In the wake of Friday’s court ruling, LaDonna Brave Bull Allard, the Standing Rock Sioux’s tribal historian, vowed to “continue to stand” and “look for legal resources” while continuing to peacefully protest the pipeline.

North Dakota Governor Jack Dalrymple on Thursday ordered 100 National Guard troops to the protest area ahead of Friday’s court ruling. Some Native American leaders said the militarized response reminded them of the many massacres committed by US invaders throughout the centuries-long genocide that began when the first European explorers set foot in the Americas.

“When we first heard about the possibility of the National Guard coming, it was almost trauma response,” Ihanktowan elder Faith Spotted Eagle told Indian Country Today. “A lot of people went numb because the idea of the military came in. To an average non-Native person, that might feel safe. To us, it feels really familiar, and it personally takes me back to the Whitestone Massacre But we know how to handle these situations. We pray. We support and listen to each other, and seek consensus to know that we are safe. We all play a part in deciding what’s best for the people.”

Exactly 153 years to the day before security guards sicced dogs on the Spirit Camp Warriors, US troops under the command of Gen. Alfred Sully slaughtered hundreds of Sioux men, women and children at Whitestone Hill, not far from the site of today’s pipeline protest.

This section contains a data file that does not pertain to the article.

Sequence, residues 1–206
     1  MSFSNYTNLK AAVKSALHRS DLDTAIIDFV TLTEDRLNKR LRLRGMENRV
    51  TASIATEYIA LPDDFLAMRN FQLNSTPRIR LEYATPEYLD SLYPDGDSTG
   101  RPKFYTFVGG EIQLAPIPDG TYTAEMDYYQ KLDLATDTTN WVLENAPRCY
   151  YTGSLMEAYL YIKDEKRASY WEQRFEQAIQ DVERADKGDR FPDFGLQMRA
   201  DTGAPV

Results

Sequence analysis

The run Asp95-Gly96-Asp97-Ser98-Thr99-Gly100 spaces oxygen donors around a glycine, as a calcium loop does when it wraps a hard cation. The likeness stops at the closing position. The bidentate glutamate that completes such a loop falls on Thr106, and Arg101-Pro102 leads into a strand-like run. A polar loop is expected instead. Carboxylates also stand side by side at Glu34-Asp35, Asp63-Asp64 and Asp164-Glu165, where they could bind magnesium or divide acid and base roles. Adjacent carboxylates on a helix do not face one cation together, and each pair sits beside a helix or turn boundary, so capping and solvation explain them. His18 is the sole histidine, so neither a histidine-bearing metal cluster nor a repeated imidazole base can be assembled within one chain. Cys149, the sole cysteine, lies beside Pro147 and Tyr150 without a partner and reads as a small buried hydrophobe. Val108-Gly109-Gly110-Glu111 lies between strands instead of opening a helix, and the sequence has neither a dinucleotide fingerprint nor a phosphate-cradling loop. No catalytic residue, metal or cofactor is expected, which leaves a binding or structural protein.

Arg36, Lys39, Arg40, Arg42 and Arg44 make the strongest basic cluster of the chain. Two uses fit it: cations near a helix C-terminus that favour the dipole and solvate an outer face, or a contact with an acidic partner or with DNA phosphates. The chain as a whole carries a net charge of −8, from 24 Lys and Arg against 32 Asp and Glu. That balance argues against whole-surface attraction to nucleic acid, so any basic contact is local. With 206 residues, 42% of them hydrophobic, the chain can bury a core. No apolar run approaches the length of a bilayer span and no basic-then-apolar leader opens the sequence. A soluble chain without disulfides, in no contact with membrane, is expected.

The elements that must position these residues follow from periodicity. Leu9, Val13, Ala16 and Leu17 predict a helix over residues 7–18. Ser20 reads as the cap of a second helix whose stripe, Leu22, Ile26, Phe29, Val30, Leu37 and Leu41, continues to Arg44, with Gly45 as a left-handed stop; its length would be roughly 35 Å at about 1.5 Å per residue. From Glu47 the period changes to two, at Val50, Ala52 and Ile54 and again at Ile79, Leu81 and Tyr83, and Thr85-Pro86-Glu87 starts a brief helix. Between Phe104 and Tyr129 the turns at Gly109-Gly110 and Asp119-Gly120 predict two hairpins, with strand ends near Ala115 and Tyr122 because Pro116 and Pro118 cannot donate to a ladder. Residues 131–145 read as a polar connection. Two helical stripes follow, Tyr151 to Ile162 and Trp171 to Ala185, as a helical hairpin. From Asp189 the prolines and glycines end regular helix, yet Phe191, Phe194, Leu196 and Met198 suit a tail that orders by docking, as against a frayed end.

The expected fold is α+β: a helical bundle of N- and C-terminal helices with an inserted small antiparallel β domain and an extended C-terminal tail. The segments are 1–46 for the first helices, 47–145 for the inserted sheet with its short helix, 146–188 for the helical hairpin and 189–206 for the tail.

Standing Rock Sioux Chairman David Archambault II called the latest standoff “a familiar story in Indian Country.”

“Perhaps only in North Dakota, where oil tycoons wine and dine elected officials, and where the governor… serves as an adviser to the Trump campaign, would state and county governments act as the armed enforcement for corporate interests,” Archambault lamented in an August 24 New York Times editorial. “In recent weeks, the state has militarized my reservation, with road blocks and license-plate checks, low-flying aircraft and racial profiling of Indians. The local sheriff and the pipeline company have both called our protest ‘unlawful,’ and Dalrymple has declared a state of emergency.”

“This is the third time that the Sioux Nation’s lands and resources have been taken without regard for tribal interests,” Archambault wrote in his Times editorial. “The Sioux peoples signed treaties in 1851 and 1868. The government broke them before the ink was dry. When the Army Corps of Engineers dammed the Missouri River in 1958, it took our riverfront forests, fruit orchards and most fertile farmland to create Lake Oahe. Now the Corps is taking our clean water and sacred places by approving this river crossing. Whether it’s gold from the Black Hills or hydropower from the Missouri or oil pipelines that threaten our ancestral inheritance, the tribes have always paid the price for America’s prosperity.”